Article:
[dropcap size=small]I[/dropcap]t is pronounced “poh-kay” but, as Singaporeans so enjoy doing, the Hawaiian word for “to cut or slice” has been localised to “po-kee”.
Phonetics aside, poke in Hawaii is synonymous with raw fish and, in its most classic form, involves cubes of raw tuna marinated in different sauces – usually two parts shoyu to three parts sesame oil. The meat is then tossed with toasted sesame, sweet white onions and scallions.
Widely sold in supermarkets across Hawaii, the marinated fish is often served atop a mound of salad or rice. Tasty, colourful and healthy, it is a popular item all over the Hawaiian Islands.
For John Chen, his wife and their two friends, a holiday to the American state in the Pacific Coast in 2014 presented them with a new obsession.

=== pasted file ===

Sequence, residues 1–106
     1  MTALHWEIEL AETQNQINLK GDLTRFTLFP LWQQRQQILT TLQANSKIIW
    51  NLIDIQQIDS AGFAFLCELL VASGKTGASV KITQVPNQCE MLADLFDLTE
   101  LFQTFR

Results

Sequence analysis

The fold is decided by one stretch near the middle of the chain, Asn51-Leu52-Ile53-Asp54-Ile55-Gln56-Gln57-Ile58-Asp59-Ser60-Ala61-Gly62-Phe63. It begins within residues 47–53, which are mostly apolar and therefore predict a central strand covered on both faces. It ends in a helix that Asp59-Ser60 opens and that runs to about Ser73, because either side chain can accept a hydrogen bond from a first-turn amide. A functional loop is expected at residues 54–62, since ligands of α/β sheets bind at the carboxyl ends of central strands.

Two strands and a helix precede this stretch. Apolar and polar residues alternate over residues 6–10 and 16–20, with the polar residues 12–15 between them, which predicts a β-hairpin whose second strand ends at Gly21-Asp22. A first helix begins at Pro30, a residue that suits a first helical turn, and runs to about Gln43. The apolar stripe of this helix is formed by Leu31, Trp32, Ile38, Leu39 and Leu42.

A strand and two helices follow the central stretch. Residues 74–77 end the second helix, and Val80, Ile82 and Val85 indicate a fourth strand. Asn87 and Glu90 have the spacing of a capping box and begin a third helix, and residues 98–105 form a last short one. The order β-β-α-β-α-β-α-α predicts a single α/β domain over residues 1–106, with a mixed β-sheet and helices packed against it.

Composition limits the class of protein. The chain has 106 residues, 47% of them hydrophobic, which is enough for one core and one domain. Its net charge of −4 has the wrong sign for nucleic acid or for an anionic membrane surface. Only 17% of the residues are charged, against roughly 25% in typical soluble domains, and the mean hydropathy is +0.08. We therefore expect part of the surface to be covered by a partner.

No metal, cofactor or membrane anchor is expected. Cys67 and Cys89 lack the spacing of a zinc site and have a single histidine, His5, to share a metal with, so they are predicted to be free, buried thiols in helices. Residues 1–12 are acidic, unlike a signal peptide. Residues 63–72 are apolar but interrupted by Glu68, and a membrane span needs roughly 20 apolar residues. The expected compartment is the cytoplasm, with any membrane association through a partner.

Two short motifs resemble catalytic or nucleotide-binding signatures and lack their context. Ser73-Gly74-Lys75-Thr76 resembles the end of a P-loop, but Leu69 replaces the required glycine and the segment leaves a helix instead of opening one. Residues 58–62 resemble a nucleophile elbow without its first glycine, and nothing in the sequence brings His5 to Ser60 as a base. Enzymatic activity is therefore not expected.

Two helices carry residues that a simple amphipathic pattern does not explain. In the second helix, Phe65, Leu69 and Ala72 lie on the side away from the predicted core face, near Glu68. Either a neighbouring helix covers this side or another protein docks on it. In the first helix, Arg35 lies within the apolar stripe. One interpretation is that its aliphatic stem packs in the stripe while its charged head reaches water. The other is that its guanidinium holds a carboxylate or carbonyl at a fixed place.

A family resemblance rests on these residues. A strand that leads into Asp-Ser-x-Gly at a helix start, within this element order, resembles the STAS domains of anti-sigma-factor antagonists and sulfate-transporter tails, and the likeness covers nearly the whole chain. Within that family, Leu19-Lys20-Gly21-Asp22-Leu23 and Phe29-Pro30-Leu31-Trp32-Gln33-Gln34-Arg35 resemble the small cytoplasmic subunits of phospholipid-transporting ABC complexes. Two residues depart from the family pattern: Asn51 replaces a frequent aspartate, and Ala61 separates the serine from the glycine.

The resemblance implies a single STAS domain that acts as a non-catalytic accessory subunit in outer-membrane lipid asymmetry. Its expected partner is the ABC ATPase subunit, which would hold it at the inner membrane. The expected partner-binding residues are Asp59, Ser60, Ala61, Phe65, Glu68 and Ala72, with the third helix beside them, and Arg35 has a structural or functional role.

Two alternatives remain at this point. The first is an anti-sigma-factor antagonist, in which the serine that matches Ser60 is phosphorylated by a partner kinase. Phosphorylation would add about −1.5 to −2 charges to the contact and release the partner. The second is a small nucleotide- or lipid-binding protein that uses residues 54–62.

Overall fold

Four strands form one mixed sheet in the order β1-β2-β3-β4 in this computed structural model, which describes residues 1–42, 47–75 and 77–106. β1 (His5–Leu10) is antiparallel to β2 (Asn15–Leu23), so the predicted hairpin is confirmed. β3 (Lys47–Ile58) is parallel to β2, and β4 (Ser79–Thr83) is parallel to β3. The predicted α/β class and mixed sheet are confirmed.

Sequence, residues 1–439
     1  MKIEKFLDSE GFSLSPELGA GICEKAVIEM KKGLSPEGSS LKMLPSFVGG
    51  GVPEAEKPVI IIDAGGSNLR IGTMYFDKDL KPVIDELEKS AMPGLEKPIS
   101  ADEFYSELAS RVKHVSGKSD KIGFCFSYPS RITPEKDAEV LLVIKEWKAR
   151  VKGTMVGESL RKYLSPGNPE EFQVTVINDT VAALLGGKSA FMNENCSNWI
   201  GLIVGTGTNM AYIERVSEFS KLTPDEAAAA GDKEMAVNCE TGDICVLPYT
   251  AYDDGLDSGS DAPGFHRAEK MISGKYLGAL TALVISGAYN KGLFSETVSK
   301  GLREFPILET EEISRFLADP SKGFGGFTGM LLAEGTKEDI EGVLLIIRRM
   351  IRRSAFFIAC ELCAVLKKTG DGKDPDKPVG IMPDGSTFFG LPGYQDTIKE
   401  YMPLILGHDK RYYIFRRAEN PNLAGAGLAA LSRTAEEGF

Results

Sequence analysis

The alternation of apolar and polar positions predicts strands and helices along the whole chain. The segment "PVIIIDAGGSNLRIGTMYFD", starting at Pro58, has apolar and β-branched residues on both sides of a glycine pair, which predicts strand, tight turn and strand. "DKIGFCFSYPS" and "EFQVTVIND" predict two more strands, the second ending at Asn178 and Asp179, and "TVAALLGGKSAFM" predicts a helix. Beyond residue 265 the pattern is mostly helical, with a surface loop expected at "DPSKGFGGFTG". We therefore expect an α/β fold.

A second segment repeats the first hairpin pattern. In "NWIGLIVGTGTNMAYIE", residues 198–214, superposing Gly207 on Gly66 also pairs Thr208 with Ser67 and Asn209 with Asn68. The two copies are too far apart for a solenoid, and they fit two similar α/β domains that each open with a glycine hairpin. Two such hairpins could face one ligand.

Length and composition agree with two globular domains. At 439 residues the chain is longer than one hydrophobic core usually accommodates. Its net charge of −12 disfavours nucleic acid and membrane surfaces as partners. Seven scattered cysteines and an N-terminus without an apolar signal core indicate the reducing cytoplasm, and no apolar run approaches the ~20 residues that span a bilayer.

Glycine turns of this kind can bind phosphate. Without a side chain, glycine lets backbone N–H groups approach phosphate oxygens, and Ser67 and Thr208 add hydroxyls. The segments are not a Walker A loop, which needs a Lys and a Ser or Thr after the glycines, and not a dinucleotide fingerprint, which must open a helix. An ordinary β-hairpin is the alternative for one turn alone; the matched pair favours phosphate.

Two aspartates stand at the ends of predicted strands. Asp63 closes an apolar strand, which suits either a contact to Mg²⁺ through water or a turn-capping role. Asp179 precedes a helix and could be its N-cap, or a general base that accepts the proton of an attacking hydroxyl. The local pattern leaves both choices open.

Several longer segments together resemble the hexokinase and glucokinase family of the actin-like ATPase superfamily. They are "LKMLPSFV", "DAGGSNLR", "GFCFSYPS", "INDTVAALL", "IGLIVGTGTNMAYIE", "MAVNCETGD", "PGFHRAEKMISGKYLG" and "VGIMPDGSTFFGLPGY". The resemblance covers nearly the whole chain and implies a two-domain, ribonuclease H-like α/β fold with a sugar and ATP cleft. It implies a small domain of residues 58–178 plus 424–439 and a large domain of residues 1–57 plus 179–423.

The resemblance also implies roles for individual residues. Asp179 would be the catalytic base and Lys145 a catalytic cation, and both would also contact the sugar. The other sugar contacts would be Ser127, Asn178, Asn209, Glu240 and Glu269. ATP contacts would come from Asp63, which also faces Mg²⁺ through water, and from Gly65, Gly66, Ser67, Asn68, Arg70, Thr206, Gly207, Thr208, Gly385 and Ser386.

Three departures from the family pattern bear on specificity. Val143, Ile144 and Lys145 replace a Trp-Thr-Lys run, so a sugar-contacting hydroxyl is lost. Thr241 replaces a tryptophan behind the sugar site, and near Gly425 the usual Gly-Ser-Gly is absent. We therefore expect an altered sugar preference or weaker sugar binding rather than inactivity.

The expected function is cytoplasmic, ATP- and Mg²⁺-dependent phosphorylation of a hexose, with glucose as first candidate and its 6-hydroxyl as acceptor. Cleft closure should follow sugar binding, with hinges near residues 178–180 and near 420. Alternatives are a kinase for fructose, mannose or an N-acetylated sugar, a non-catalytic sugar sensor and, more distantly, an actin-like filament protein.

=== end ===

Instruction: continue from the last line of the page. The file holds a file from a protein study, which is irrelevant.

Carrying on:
“We were hooked from the first bowl, and for the rest of the trip, we went around Oahu trying different versions,” recalled Chen. So inspired were the four that in August 2015 – just a year upon returning from the vacation – they opened Aloha Poke, the first restaurant here focused solely on serving poke bowls.
At lunch, diners get to choose from fresh tuna from the Philippines and Indonesia, and Norwegian salmon, both of which can be served marinated in wasabi mayo or in a spicy sauce. There is also a variety of add-ons including edamame, flying fish roe and chia seeds.
At dinner, the Ultimate Poke Bowl awaits: a Chinese communal soup bowl-sized portion featuring a hodgepodge of tuna, salmon, mesclun, almonds, cherry tomatoes and pineapple.
For those who are wondering just how authentic it can possibly be, Chen says their biggest endorsement comes from Hawaiian customers who return at least once a week for their poke fix. “They say it reminds them of home,” says Chen with pride.
Aloha Poke, 92 Amoy Street.
Sample variations of the poke bowl available at these other restaurants around Singapore.